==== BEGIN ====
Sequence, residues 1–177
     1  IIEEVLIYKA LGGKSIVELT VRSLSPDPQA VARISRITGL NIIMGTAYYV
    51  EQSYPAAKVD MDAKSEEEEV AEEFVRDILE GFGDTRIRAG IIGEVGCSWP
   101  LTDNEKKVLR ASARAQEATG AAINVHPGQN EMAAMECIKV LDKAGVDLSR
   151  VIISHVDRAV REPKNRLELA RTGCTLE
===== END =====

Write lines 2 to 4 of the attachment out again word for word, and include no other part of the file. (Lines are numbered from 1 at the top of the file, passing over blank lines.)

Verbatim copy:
     1  IIEEVLIYKA LGGKSIVELT VRSLSPDPQA VARISRITGL NIIMGTAYYV
    51  EQSYPAAKVD MDAKSEEEEV AEEFVRDILE GFGDTRIRAG IIGEVGCSWP
   101  LTDNEKKVLR ASARAQEATG AAINVHPGQN EMAAMECIKV LDKAGVDLSR